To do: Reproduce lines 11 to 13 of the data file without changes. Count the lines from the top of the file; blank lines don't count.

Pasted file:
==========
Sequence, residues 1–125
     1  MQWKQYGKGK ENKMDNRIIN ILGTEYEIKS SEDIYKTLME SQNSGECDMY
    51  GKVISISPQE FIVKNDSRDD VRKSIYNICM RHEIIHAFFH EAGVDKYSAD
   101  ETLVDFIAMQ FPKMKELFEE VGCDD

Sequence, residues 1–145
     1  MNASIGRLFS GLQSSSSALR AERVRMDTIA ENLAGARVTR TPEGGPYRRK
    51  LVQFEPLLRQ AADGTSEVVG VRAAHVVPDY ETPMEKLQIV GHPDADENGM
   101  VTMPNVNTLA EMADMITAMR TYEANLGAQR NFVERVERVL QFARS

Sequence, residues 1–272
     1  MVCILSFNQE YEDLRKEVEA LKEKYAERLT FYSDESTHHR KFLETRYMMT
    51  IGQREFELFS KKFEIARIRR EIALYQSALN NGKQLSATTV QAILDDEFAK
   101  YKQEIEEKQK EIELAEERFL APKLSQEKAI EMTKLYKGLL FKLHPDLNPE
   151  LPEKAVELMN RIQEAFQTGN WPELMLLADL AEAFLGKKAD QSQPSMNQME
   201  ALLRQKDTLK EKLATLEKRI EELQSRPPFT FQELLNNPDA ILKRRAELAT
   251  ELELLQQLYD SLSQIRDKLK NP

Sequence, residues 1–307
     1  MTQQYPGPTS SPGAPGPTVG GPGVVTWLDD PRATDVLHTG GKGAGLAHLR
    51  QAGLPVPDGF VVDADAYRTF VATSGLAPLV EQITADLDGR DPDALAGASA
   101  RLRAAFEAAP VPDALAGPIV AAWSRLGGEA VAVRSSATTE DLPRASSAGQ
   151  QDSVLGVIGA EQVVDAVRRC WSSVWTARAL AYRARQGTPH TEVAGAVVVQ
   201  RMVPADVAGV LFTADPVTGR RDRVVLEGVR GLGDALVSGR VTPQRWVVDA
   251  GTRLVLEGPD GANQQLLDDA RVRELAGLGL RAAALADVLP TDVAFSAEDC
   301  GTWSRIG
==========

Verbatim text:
    51  IGQREFELFS KKFEIARIRR EIALYQSALN NGKQLSATTV QAILDDEFAK
   101  YKQEIEEKQK EIELAEERFL APKLSQEKAI EMTKLYKGLL FKLHPDLNPE
   151  LPEKAVELMN RIQEAFQTGN WPELMLLADL AEAFLGKKAD QSQPSMNQME